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|Test code||UA (macroscopic alone) or UAWM (with microscopy)|
|Performed by||Parnassus & Mt. Zion Hematology|
|In House Availability||Test available 24 hours per day 7 days per week|
|Method||Dipstick with automated reader|
|Collection Instructions||First AM void preferred. Deliver sample to lab asap. Refrigerate samples if delivery is delayed. Testing is optimal when done within 1-2 hours of collection.|
|Container type||Urine cup|
|Amount to Collect||See preferred volume|
|Sample type||Random urine|
|Preferred volume||20 mL urine|
|UCSF Rejection Criteria||Samples received > 4 hours after collection.|
|Processing notes||Deliver all urinalysis samples to Hematology as soon as possible after receipt. If collection time is unknown, use receipt time for stability. Sample suitability from 2-4 hours is decided in Hematology|
|Synonyms||UA; Urine dipstick; Urine pH; Specific gravity, urine; Urine hemoglobin; Urine protein; Urine glucose; Urine nitrate; Urine Leukocyte esterase; Urine ketones; Urine bilirubin; Qualitative sugar, urine|
|Stability||2 hours at room temperature; 4 hours if refrigerated. For optimum results, the urine sample must be tested within 1-2 hours of collection, regardless of storage method.|
|Turn around times||STAT 1 hour, Routine 2 hours|
|Reflex?||Samples submitted with orders for Urinalysis with microscopic examination (UAWM) that are negative for Protein, Hemoglobin, Leukocyte esterase AND Ascorbic acid (Vit. C) will not be evaluated microscopically. The UAWM will be canceled and just the Macrocsopic urinalysis (UA) will be charged.
Samples submitted with orders for Urine macroscopic only (UA) that are positive for ascorbic acid (Vit. C) but negative for hemoglobin will be evaluated microscopically to rule out the presence of red cells. The UA will be canceled and a Urinalysis with microscopic examination will be ordered and billed (See additional information)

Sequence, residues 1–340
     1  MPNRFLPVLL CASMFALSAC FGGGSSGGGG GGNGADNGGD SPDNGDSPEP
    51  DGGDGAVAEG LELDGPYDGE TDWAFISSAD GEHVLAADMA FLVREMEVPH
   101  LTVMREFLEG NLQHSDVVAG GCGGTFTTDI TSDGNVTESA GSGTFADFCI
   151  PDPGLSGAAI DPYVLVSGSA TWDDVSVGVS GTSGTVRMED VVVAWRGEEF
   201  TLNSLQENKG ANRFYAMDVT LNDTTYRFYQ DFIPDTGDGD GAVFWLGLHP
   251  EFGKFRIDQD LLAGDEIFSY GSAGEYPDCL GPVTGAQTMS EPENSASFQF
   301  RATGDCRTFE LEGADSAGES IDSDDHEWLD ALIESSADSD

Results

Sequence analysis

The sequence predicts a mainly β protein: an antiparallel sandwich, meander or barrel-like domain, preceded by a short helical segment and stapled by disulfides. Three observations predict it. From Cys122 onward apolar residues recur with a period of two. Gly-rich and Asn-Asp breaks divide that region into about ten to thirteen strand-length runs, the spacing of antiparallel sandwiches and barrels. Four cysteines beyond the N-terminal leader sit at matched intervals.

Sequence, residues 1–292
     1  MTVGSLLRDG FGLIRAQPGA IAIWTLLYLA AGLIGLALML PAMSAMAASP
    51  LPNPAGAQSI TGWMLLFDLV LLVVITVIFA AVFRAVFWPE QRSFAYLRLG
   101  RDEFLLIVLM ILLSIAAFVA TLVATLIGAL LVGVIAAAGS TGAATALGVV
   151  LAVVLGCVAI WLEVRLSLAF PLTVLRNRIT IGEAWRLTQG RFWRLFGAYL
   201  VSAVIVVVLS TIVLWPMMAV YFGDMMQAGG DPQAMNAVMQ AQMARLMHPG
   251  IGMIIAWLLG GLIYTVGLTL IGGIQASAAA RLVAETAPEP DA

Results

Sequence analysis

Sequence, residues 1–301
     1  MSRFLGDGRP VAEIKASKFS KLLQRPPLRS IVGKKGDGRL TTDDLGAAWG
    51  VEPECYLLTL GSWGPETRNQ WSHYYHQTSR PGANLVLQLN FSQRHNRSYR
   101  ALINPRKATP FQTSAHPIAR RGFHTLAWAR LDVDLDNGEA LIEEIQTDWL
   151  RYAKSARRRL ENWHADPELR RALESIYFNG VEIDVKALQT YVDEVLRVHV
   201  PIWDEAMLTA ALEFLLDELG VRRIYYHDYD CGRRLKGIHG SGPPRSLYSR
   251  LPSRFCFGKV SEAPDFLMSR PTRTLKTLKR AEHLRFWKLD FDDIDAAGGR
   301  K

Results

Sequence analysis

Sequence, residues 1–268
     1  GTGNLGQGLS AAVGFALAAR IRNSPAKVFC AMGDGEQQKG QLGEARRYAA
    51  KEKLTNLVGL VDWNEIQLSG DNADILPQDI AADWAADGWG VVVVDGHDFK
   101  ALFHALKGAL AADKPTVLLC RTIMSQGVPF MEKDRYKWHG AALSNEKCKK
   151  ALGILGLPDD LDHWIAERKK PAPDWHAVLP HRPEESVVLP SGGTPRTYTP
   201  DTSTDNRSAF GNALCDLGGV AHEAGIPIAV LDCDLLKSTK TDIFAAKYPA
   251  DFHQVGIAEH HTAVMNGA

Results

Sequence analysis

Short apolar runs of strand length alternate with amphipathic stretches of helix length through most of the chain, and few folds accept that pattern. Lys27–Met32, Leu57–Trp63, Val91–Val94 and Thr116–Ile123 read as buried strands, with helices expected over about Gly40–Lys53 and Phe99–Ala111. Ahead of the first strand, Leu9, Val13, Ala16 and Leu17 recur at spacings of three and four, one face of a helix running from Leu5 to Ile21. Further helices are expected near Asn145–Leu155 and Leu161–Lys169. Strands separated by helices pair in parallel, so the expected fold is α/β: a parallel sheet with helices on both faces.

|Additional information|| Urinalysis samples should be delivered as soon as possible after collection. Delayed transport of an unpreserved urine may lead to loss of red cell casts and other formed elements Refrigeration of urine inhibits bacterial growth, but does not prevent the lytic effects of low specific gravity or alkaline pH. Urine crystal formation may be induced by refrigeration.
Note: Routine urinalysis in pediatric patients does not include testing for reducing substances, such as sugars galactose, lactose, fructose and maltose. If clinically indicated, this screening test for reducing substances may be ordered. Testing for congenital galactosemia is included in newborn screening programs in all 50 states in the U.S.
Specific Gravity: Reported as ≤ 1.005 to ≥ 1.030; the level found depends upon water intake; a fixed level around 1.010 which does not vary with the state of the patient's hydration suggests renal damage.
pH: Reported over the range of 5.0 to ≥ 9.0 and is diet-dependent; a level > 9.0 suggests infection with a urea-splitting organism.
Bilirubin: Because false-positive results for bilirubin may occur due to the intrinsic coloration of urine, positive results are confirmed by a chemical method.
Hemoglobin: Dipstick testing does not distinguish between hemoglobin and myoglobin; if no RBCs are seen in a freshly collected specimen, the possibility of myoglobinuria due to rhabdomyolysis can be evaluated by measuring serum CK, which will be markedly elevated. Captopril may reduce the test sensitivity.
Note: Ascorbic acid in urine may cause a false negative hemoglobin result on the macroscopic urinalysis. If ascorbic acid is detected and the hemoglobin is negative, a microscopic urinalysis examination will be performed. If only a macroscopic examinition (UA) was ordered on such samples the microscopic analysis will be reflexively ordered and separately charged for.
Nitrite: A positive urinary nitrite test is highly suggestive of a urinary infection, but in a low risk population may detect as few as 50% of infections found on culture, particularly if urinary frequency is high, the diet is low in nitrate substrate or, of course, if the organisms are not nitrite-producers.
Comparison of dipstick protein reading to 'scale' reading:
See also discussion of qualitative testing for preeclamptic patients under Protein, Total. Normal ranges for pH and Specific gravity from: Tietz Textbook of Clinical Chemistry, 4th ed., WB Saunders 2005
Urine ketones are not offered as a separate test. See Amino Acid, Quantitative, Urine
|Last Updated||5/22/2013 3:08:19 PM|
If you have additional questions regarding this test, please call: 415-353-1667